Encouraging words from a cheerleader can convince someone to keep at an arduous task in order to reap benefits once the chore is completed. Now the results of a study published today in the journal Science suggest that a part of the brain might work in a similar way. According to the report, scientists have discovered a brain signal in monkeys that increases as an expected reward nears. The findings could help unravel how the compulsion characteristic of addiction takes shape in the brain.
Munetaka Shidara of the National Institute of Advanced Industrial Science and Technology in Japan and Barry J. Richmond of the National Institute of Mental Health monitored monkeys while the animals performed a series of tasks in order to receive a reward. The animals learned to release a lever when a spot on a computer screen turned from red to green. After a number of successful attempts, they received their prize. In some of the trials, a bar on the screen tracked their progress and got brighter as the animals approached the reward. As the monkeys performed the tasks, the scientists investigated the activity of more than 100 neurons located in the anterior cingulate cortex, a region of the brain involved in performance and conflict monitoring, error detection, and response selection.
The activity of about one third of the brain cells, the team found, varied with the level of expectation of a reward--the closer the reward seemed, the more they fired. The animals also made the fewest errors in the task just prior to receiving their reward. When the possibility of receiving a reward was randomized, however, these neurons did not display increasing activity. Of particular note is the fact that the signal actually died down just before the prize was reached. "Understanding the reward is a 'sure thing' may be more important than actually receiving it," Richmond says.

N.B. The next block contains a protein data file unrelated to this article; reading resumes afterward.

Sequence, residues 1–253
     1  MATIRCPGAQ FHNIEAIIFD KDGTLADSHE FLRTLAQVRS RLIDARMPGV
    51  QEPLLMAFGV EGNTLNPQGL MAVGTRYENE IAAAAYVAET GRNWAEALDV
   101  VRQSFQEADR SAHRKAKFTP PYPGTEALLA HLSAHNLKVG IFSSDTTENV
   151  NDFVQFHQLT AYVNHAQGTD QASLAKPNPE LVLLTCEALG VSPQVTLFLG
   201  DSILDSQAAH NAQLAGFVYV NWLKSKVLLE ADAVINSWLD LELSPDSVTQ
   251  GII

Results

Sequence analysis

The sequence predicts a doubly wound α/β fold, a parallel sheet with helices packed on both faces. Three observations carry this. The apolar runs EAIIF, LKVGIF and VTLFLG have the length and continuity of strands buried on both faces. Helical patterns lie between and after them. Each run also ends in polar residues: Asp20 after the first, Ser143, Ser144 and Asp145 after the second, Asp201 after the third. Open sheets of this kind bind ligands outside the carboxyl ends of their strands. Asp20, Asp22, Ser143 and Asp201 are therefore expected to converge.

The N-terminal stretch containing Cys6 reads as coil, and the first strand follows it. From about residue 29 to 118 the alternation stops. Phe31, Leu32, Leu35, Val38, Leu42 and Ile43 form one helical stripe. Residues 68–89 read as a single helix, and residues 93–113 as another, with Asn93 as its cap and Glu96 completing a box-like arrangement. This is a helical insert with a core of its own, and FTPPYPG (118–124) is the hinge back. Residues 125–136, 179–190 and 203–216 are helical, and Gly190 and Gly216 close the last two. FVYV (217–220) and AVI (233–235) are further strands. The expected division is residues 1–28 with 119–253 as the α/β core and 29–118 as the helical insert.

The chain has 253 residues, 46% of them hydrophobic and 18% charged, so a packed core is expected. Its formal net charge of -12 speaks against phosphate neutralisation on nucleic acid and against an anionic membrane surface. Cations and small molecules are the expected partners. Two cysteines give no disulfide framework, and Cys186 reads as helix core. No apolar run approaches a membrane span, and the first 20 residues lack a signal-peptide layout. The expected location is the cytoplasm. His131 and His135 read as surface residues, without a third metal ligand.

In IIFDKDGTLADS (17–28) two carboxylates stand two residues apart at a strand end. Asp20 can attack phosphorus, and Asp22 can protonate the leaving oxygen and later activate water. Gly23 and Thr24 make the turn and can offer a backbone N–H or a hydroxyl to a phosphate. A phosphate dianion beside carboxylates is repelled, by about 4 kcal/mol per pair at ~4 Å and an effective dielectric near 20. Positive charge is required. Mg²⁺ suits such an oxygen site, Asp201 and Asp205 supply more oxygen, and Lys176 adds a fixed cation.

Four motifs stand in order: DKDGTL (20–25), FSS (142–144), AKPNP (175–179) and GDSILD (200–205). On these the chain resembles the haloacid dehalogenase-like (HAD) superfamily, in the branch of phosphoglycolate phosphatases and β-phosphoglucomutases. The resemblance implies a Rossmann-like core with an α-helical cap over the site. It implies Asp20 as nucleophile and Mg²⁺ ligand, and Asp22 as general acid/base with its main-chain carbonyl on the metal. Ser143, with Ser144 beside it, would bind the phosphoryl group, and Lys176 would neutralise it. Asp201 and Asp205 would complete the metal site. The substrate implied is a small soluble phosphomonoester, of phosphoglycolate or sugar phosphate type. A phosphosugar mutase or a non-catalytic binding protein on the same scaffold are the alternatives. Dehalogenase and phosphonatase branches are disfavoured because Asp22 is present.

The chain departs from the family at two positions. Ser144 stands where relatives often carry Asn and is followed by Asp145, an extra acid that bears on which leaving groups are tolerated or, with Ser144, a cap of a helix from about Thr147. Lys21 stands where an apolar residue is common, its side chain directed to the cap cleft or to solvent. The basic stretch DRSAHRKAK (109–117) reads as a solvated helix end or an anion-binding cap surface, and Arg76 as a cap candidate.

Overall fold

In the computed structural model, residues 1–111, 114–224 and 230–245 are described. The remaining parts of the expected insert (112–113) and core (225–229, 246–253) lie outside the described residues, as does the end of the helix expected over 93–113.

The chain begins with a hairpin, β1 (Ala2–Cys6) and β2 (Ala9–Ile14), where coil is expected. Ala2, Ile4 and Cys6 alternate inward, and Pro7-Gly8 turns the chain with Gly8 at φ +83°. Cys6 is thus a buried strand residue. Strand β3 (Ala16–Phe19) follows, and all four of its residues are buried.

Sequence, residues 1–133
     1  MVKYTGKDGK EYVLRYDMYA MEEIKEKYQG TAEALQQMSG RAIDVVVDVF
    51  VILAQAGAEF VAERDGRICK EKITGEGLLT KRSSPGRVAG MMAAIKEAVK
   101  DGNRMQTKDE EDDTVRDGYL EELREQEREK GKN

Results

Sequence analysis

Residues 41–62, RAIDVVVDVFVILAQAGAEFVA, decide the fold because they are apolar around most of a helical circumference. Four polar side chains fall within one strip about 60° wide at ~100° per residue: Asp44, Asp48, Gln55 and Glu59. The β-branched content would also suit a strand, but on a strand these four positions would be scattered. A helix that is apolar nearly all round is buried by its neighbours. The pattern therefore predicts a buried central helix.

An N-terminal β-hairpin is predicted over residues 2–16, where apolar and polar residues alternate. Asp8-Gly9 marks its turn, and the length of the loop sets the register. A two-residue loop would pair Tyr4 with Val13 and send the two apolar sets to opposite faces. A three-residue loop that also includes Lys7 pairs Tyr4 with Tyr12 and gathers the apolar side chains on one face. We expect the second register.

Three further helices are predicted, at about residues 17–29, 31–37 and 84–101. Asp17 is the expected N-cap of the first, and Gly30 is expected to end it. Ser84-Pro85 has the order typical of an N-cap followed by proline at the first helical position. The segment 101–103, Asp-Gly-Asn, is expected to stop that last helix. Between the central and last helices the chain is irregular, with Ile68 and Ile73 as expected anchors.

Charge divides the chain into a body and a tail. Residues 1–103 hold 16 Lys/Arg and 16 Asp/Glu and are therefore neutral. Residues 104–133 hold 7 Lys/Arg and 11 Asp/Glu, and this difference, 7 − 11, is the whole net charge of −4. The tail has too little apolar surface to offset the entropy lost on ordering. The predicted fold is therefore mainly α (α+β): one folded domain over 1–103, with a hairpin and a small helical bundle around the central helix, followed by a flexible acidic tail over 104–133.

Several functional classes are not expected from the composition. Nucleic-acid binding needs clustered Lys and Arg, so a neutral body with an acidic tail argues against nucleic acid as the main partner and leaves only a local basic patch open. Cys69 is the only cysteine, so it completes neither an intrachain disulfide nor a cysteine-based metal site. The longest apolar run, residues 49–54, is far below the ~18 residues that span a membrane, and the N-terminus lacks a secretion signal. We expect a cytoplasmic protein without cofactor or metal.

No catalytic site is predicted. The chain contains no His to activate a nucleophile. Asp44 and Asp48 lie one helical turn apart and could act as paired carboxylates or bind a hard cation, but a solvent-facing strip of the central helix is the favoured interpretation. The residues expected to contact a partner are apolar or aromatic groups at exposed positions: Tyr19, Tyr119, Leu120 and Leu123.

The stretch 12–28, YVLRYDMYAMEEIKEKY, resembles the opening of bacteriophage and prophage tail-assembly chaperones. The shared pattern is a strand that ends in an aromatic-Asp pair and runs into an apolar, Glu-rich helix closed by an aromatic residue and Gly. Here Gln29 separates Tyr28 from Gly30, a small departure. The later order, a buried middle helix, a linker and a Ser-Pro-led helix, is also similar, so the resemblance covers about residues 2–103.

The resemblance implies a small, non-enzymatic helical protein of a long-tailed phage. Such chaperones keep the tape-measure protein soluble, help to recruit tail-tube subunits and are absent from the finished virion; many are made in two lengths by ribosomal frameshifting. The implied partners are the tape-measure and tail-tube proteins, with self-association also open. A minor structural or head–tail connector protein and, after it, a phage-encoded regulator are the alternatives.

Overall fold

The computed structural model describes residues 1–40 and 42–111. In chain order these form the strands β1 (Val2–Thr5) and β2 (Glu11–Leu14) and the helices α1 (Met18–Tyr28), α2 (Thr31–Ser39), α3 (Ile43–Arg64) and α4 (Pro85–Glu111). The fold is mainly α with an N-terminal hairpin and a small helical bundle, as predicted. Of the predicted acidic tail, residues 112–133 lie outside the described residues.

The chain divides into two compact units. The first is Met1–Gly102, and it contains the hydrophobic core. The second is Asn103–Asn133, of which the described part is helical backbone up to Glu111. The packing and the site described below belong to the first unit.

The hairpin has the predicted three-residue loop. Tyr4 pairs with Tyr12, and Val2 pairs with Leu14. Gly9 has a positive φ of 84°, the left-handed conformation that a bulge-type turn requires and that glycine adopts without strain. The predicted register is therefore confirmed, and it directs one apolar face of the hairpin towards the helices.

This cheerleading brain signal could form a biological basis for goal-driven behavior. "Understanding how this signal works normally, as well as when its activity is abnormally high or low, may shed light on why individuals seem to have different levels of motivation for performing similar tasks," Shidara notes. Moreover, the researchers propose that misfiring of this reward expectancy circuit could be involved in some pathological behaviors. "Let's assume you had a signal like this, and it was turned up too high," Richmond explains. "It might make you feel like you had to be trying harder, telling you, 'Just go a little further and you'll get satisfied.' Our speculation is that this signal never resolves for conditions like [obsessive-compulsive disorder]."